Our coronavirus coverage is free for the first 24 hours. Find the latest information at Please consider subscribing or donating.

  1. News

Clay may combat Florida's Red Tide, but opposition ended experiments here 15 years ago

With Red Tide creeping up the Southwest Florida coast and into the Panhandle, Gov. Rick Scott on Thursday announced an international research partnership to determine if the toxic algae bloom can be quelled by clay.

The effort is bringing together Woods Hole Oceanographic Institution, the University of South Florida, Mote Marine Laboratory and the Florida Department of Environmental Protection. Scott also called for the state wildlife commission to set up the Florida Center for Red Tide Research.

Coming just days after Scott was heckled at a campaign stop by protesters who dubbed him "Red Tide Rick," the new action plan drew criticism from the Sierra Club, which called the proposed center "nothing more than a self-serving publicity stunt."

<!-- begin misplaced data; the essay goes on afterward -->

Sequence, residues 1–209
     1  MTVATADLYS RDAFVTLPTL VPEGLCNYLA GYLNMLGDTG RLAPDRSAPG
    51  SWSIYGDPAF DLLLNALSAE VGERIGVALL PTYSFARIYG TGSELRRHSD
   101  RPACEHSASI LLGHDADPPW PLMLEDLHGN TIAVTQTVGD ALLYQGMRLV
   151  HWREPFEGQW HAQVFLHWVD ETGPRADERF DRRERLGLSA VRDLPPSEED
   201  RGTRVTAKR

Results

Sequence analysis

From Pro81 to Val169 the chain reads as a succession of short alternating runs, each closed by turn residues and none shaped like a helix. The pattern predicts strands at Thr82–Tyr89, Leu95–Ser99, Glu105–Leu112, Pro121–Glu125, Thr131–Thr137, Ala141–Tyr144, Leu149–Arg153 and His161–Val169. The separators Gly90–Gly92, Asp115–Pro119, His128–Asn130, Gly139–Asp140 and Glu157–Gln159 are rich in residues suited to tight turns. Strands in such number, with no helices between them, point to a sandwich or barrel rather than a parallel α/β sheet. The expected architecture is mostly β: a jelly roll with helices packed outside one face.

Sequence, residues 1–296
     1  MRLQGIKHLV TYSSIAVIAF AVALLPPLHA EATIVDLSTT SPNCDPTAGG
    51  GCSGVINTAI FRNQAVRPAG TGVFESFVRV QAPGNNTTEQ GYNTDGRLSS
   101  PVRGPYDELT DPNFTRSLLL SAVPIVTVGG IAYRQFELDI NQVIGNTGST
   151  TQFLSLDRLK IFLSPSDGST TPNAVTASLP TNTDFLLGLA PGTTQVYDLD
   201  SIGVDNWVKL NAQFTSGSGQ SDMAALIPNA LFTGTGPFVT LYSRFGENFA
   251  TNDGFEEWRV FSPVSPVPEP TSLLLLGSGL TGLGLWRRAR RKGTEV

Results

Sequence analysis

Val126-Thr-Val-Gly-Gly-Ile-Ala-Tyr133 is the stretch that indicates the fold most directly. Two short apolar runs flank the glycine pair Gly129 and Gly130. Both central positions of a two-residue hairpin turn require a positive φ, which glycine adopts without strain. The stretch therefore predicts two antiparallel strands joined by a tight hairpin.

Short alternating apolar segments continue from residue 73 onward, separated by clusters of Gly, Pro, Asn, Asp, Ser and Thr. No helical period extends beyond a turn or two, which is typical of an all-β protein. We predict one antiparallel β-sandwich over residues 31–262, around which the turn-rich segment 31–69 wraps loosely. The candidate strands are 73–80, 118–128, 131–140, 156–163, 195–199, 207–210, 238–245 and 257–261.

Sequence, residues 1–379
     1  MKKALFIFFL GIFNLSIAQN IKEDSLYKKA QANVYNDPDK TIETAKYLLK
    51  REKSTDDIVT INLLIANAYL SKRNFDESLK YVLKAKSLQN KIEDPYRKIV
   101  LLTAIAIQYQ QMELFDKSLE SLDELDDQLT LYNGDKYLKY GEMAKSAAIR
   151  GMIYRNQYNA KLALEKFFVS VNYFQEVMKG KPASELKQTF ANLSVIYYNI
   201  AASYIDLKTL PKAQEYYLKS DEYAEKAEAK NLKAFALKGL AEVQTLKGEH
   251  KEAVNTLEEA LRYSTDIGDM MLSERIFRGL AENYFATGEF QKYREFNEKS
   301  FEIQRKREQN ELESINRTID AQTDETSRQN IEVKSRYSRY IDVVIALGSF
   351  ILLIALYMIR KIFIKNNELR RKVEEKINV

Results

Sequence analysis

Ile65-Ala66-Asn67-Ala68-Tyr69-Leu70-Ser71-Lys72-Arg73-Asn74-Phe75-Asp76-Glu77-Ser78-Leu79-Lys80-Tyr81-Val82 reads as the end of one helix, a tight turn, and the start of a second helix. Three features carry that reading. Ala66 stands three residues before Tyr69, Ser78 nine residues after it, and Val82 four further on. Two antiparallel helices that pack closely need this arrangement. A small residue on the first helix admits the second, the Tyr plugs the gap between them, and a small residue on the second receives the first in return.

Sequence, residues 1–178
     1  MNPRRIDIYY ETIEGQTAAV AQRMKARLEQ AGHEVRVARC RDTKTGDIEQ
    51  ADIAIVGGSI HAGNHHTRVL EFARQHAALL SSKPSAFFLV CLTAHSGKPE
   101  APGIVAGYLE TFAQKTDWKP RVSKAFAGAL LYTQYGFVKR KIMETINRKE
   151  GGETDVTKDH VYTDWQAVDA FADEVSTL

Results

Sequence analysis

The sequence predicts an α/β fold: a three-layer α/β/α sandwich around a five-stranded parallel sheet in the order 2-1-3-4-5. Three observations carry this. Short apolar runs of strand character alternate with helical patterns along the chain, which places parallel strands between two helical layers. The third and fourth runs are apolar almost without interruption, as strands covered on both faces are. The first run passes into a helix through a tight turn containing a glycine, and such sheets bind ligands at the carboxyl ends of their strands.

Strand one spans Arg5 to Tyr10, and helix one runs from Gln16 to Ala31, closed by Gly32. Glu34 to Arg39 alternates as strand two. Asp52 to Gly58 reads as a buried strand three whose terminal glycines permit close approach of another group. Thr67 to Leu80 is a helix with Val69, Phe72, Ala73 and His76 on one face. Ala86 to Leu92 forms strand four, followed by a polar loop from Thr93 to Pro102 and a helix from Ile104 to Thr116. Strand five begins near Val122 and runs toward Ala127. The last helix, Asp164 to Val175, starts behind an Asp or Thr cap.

Resorting to clay to treat the algae is not new. Prior experiments with it in Florida ran into strong public opposition, according to a Don Anderson, a senior scientist with Woods Hole who was involved in those studies 15 years ago.

"We made a naive mistake," Anderson said. Surprised by the blowback, "we gave up."

RELATED: Your Red Tide questions answered.

Anderson, who is part of the new Florida initiative, said clay has been used for decades to combat harmful algae blooms in other countries, particularly South Korea and China. Scientists in Japan first detailed experiments with clay in 1989 but dropped it because of the potential cost.

The concept is simple: Find something heavy that sticks to the algae in the bloom and weighs it down like anchors. Dragged to the ocean bottom, away from sunlight and the nutrients it feeds on, the algae dies.

But the clay had to be just the right type. The wrong one might irritate the algae rather than kill it.